Paul III’s pontifical challenge was two headed. Internally things were rotten, the selling of indulgences was one of many corrupt ecclesiastical practices that needed to be addressed. Equally appalling were assaults from the outside, consider Luther’s scathing rants that the Roman church and papacy were whore and antichrist, and Henry VIII’s unspeakable challenges to Rome’s supremacy, indeed Paul would excommunicate corpulent Henry when he stole all those monasteries. Particularly vile had been the 1527 sack of Rome. The attackers were mercenaries from Spain and Naples, along with “Lutherans,” all hired by Charles V to steal Papal territory. Unpaid and starving, they pillaged Rome’s churches and palaces, robbed papal tombs, stole relics, tortured, raped, slaughtered, and decimated the population. Unprecedented savagery.

Art played a part in the Pope’s reform. In the same manner that he convened the 1545 Council of Trent to hash out clerical misbehavior and Protestantism, Paul III commissioned art such as The Last Judgement to inspire doctrinal devotion. Following Last Judgement he commissioned the Pauline Chapel’s frescos, Conversion of Paul and the Crucifixion of Peter in which Michelangelo painted his own face onto Peter. The Museum’s exhibition features a large scale preparatory drawing of Roman soldiers for the Crucifixion of Peter.

Paul III and Michelangelo also collaborated on architectural projects, which in my opinion helped to make Rome eternal, or at least the place to which I’ll always return, even if it’s a pain in the ass. It matters not that Paul III was a ruthless warrior, no different from Julius II and his other medieval predecessors, nor that exalted architecture is indisputably a power symbol, Paul’s taste in architecture was remarkable. At Paul's request Michelangelo reconfigured the design of St. Peter’s majestic dome and apse (related engravings are in the Museum’s exhibition), Paul had made Michelangelo official Vatican architect.

I’m more moved by their secular projects. Michelangelo’s design for the Farnese Palace is both imperious and human. There is a grand fussy aura to its classically styled courtyard arcade and colonnaded atrium, but features such as the lion faces along the cornice make it approachable. And if the Farnese Palace’s ornately carved marble coat-of-arms with papal tiara is the most pretentious plaque in Rome, arguably this is because Michelangelo was designing Rome’s largest private palazzo.

In due course they focused on the Capitoline Hill, where the ancient Temple of Jupiter had stood, and the artist’s design for it surpasses in beauty the Farnese Palace. Michelangelo designed Piazza del Campidoglio to be monumental, yet feel intimate. Every time I enter the square and see the three palaces, stairways, fountain, equestrian statue of Marcus Aurelius, and the elegant oval and star pavement design, I can understand why H. V. Morton called it the most perfect spot in Rome.

There's something to say for 
papal grandiosity. None of this beauty would exist if Paul III, and his predecessor Pope Julius II, had not been demanding sons of bitches. Michelangelo refused Julius’s request to paint the Sistine Chapel ceiling, it wasn’t his kind of art he whined, so Julius threatened to throw him off the scaffolding. Frightened, Michelangelo completed the project, which brought the High Renaissance style of painting to perfection in Rome. Julius' unbridled hubris led him to commission Rome’s most important architectural monument, the Renaissance-era St. Peter’s constructed over Constantine’s 325 AD St. Peter’s basilica. Paul III and Michelangelo would later design the dome. In the same vein, self-glorification inspired Julius II to finagle possession of two of the Vatican’s most important marble sculptures from antiquity, "Belvedere Torso" and "Laocoön and His Sons," this second one a primary source of inspiration for Michelangelo.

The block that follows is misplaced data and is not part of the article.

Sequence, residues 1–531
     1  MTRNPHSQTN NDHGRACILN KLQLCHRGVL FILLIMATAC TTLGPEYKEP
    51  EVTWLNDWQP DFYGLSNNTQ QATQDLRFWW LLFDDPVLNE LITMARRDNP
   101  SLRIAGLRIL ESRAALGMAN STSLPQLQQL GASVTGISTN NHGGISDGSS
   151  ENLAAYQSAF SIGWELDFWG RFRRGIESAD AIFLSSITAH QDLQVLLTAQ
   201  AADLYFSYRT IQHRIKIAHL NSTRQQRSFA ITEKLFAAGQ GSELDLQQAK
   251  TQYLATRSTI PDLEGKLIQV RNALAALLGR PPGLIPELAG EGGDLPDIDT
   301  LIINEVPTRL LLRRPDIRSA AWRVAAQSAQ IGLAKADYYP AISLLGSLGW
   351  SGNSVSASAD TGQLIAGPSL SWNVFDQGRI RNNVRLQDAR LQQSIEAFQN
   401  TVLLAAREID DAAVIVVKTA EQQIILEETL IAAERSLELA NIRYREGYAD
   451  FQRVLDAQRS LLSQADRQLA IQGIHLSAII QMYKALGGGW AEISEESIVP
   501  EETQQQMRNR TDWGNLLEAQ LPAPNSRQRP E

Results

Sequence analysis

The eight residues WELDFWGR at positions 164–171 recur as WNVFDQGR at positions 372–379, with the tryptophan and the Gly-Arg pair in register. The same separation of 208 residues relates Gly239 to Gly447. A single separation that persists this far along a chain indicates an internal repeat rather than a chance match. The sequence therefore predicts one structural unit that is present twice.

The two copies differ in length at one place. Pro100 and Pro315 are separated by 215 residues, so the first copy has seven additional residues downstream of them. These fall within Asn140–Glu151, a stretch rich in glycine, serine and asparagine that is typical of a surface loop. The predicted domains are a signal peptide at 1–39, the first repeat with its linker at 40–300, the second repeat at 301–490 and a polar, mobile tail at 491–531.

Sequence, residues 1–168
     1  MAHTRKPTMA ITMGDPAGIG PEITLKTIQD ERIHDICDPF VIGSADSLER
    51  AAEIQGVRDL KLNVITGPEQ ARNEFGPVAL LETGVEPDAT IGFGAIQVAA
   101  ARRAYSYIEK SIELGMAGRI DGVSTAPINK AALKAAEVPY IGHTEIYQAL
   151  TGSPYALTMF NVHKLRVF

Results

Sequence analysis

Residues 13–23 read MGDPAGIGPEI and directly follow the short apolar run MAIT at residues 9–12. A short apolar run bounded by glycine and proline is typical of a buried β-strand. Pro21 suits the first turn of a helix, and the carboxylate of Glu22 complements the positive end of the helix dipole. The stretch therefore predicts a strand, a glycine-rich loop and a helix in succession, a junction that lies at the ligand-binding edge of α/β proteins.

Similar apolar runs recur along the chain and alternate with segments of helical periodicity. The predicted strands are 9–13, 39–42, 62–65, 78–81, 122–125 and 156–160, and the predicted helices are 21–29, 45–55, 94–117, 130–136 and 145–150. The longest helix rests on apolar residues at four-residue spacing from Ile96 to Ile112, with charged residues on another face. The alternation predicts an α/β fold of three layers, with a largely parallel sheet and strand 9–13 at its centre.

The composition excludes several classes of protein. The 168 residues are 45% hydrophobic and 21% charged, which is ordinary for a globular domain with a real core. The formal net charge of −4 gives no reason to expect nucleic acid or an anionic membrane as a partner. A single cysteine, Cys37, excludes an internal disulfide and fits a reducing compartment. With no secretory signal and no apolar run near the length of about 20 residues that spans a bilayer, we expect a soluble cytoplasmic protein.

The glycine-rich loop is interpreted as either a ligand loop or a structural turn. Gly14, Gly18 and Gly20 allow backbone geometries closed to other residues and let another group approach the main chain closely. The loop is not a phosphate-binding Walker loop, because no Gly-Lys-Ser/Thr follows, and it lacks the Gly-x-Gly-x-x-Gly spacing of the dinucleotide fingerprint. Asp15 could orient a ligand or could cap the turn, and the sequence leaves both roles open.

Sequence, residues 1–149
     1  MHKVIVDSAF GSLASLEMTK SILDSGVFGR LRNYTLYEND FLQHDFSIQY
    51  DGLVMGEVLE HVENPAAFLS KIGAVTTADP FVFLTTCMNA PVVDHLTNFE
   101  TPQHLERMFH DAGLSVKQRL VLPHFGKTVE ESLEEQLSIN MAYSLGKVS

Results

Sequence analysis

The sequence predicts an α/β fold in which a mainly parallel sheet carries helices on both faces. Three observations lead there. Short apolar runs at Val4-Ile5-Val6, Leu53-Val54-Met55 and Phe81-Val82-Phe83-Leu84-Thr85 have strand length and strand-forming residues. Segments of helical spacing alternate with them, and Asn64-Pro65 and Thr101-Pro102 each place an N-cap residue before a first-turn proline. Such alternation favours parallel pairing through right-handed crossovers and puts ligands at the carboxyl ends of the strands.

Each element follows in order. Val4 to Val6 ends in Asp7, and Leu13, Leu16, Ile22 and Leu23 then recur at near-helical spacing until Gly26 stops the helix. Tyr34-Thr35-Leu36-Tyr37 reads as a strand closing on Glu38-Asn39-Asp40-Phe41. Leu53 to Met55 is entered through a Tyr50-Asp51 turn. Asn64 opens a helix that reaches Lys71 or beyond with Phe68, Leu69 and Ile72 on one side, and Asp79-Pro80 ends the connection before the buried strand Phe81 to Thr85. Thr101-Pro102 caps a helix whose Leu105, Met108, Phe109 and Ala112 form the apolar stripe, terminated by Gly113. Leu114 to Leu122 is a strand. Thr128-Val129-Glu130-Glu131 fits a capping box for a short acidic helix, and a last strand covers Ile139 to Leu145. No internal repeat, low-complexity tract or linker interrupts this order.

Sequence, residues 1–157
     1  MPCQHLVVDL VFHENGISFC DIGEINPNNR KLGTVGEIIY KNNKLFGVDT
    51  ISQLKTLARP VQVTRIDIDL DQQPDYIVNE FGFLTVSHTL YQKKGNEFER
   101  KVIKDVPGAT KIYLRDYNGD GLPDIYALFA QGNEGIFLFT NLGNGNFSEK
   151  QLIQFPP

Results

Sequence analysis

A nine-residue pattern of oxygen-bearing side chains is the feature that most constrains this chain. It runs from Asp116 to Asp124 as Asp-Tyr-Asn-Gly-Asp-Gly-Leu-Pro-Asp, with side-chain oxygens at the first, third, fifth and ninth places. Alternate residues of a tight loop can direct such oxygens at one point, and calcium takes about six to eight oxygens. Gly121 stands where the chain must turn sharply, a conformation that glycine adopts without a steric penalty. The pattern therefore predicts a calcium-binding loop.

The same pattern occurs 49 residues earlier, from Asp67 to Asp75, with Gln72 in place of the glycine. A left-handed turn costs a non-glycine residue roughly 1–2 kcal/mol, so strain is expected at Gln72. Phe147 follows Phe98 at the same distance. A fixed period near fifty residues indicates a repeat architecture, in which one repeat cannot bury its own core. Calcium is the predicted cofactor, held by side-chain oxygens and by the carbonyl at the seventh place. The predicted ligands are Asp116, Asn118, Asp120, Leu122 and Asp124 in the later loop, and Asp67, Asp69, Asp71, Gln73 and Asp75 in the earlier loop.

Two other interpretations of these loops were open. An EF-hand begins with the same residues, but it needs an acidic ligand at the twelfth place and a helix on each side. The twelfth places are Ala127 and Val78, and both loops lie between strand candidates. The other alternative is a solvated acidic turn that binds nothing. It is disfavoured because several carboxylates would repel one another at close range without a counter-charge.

The story of Michelangelo seeing the 
ancient marble statue "Laocoön and His Sons" is worthy of repeating. Michelangelo witnessed the statue being excavated in 1506 after Felis de Fredis discovered it in his vineyard on the Esquiline Hill. Michelangelo was instantly bewitched by its sculptural treatment of writhing struggling muscular nude figures wrapped by a serpent, and spent the rest of his life artistically responding to it with carved and painted male nudes. Julius II had too sharp an eye for beauty and splendor not to recognize the value of the ancient art that had been found in the vineyard. Two seconds after "Laocoön’s" discovery, the Pope strong-armed it away from Fredis in exchange for a pension, and presumably a tomb in S. Maria in Aracoeli, which turns out to be the same church in which Gibbon claims he got the epiphany to write "The Decline and Fall of the Roman Empire."

I thank Christopher Hibbert for his story about Julius ordering a procession to carry the statue through the streets of Rome, bedecked with flowers, with church bells ringing and a choir singing. There is delicious irony in pageantry over the Pope snatching for his collection the most valuable pagan sculpture in the ancient world.

I once encountered a pope, a
lthough he wasn't known for grandiosity. Heading to Perugia, I stopped in Rome because I had a reservation to see the Scavi which is the excavated archaeological site under St. Peter’s which contains Peter's tomb and an immense ancient Roman necropolis. While standing at the entrance of the Scavi, Swiss Guards began to make official noises, and I heard someone say “they do that when the Holy Father is nearby.” I looked up and there he was, a few feet away, Pope John Paul II, in the back of a sedan, his face bent toward the window staring at me, his hand lifted in a gesture of blessing. It was so unexpected, I pointed my finger and blurted “holy shit!”

Image - Tiziano Vecello, called Titian, Portrait of Pope Paul III, 1543, oil on canvas, Museo e Real Bosco di Capodimonte, Naples. Courtesy of MFA,H.